Period Education Project
The Period Education Project is the leading movement helping young people access medically-accurate menstrual health education.
“Improving women’s health starts with improving young women’s health first.”
– Dr. Melisa Holmes, MD, FACOG, Period Education Project Co-Founder
It’s more than understanding what a period is.
The Period Education Project is a 501(c)(3) physician-led organization that works to improve access to menstrual health education. When girls understand menstrual health, they are prepared to advocate for their own health and recognize troubling health conditions, leading to earlier treatment and better outcomes. Educating all young people with this essential health care education can have a lasting impact on improving women’s health.
“As a pediatrician, I see too many young people who can’t even talk about menstruation or their bodies because they don’t have the understanding or the comfort.”
– Dr. Trish Hutchison, MD, FAAP, Period Education Project Co-Founder
Meet the physicians leading the movement to improve menstrual health education
Knowledgable youth become healthier adults.
Youth who receive menstrual health education:
Normalize menstruation which lessens taboos and stigma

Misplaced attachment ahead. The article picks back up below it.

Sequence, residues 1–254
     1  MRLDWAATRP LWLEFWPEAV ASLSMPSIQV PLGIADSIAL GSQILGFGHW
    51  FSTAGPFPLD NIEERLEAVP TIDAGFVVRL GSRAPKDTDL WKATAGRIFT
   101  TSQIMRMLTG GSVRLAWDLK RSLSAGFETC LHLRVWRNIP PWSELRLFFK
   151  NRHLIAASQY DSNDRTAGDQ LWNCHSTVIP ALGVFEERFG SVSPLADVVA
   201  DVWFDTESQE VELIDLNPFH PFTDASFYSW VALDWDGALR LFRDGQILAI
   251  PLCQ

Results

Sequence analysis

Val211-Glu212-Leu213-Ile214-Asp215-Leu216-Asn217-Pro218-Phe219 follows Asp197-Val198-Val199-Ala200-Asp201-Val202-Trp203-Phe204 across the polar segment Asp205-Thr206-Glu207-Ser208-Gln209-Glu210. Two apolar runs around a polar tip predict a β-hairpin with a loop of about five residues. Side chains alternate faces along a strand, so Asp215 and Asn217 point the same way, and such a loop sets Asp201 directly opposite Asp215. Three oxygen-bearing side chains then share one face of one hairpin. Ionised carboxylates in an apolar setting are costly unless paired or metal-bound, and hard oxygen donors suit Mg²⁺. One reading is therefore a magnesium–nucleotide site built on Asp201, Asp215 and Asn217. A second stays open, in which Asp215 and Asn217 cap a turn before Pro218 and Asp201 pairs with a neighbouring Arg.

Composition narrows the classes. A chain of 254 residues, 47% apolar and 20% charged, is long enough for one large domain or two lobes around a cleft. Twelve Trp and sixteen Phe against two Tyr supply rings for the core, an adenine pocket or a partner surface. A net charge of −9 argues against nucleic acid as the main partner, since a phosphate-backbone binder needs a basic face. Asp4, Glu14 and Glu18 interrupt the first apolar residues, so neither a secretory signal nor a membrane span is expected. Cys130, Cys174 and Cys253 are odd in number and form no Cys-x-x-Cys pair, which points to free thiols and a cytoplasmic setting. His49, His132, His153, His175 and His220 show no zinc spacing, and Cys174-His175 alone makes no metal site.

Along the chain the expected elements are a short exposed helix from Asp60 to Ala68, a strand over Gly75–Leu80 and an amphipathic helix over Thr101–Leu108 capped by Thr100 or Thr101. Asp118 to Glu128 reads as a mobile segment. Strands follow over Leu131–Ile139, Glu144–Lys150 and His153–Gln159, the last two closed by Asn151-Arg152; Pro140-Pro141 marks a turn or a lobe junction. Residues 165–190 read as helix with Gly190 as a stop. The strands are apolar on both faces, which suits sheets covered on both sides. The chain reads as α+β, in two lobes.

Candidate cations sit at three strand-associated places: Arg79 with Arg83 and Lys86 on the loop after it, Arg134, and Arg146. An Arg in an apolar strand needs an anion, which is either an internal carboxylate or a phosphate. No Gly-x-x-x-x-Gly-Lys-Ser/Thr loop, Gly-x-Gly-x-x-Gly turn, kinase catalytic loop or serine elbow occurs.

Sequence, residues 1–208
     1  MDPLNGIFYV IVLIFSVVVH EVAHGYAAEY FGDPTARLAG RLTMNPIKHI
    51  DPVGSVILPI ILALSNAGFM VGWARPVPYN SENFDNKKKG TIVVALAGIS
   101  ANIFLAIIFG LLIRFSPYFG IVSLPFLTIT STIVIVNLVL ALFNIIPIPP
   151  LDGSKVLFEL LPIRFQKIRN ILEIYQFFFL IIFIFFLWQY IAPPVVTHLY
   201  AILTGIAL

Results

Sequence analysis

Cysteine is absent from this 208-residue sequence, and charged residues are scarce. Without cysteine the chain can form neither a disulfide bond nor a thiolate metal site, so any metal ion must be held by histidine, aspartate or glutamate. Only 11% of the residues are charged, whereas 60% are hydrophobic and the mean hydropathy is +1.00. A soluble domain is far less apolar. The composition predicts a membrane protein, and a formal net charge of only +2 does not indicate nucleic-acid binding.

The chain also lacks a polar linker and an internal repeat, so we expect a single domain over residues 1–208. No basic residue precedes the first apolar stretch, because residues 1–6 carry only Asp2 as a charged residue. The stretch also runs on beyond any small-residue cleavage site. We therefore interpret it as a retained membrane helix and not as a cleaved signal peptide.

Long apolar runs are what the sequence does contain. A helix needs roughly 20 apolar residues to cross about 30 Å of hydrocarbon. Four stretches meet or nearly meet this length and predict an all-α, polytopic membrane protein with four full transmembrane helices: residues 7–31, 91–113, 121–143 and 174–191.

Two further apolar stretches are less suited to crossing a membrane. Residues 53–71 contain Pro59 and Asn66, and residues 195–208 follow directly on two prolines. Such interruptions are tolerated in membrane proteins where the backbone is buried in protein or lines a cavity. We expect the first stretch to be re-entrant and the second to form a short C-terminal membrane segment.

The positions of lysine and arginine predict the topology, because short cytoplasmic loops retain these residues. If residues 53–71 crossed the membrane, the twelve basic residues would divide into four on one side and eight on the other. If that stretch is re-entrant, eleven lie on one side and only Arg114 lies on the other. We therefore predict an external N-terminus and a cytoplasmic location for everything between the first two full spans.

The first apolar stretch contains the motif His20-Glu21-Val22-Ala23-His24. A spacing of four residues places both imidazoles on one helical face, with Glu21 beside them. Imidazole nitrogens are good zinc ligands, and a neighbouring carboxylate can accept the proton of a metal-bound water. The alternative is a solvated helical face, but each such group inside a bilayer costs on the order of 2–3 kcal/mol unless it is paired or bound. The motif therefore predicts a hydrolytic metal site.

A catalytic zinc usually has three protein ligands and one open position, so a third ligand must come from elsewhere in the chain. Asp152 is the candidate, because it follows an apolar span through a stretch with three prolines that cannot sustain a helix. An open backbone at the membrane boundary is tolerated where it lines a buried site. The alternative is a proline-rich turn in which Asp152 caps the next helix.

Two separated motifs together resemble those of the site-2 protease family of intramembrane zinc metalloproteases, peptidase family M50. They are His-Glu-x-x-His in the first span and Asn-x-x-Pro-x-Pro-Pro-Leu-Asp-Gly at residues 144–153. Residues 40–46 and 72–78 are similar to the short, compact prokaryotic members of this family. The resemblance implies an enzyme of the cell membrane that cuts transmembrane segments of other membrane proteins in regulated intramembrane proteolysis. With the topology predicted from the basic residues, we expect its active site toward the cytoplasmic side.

Grow up with less anxiety about their bodies and their health
Gain insight into what’s normal and what needs medical attention
Become women who advocate better for their health
Trust a leading voice for girls.
Period education project
Evidence Based, Rooted in Science
Created by nationally recognized physicians
Supported by top medical schools
Offers specialized education addressing a big gap in young women's health
Facilitated by certified medical students
Take away the taboo.
Half of the world’s population menstruates, yet it remains a topic cloaked in taboo and stigma, and that affects girls’ and women’s confidence, awareness, and their willingness to explore healthy solutions.
Learn more about What We Do or Get in Touch.
Why young people need menstrual health education
by the numbers
of women admit to feeling ashamed when they menstruate
of women confess to hiding a sanitary product on their way to the bathroom
of girls experience menstrual related physical symptoms
girls in the U.S. miss school because they don’t have period protection
The few number of states requiring medically accurate reproductive health education
the average number of YEARS a woman has symptoms before being diagnosed with endometriosis
of low income women and girls do not have access to adequate period products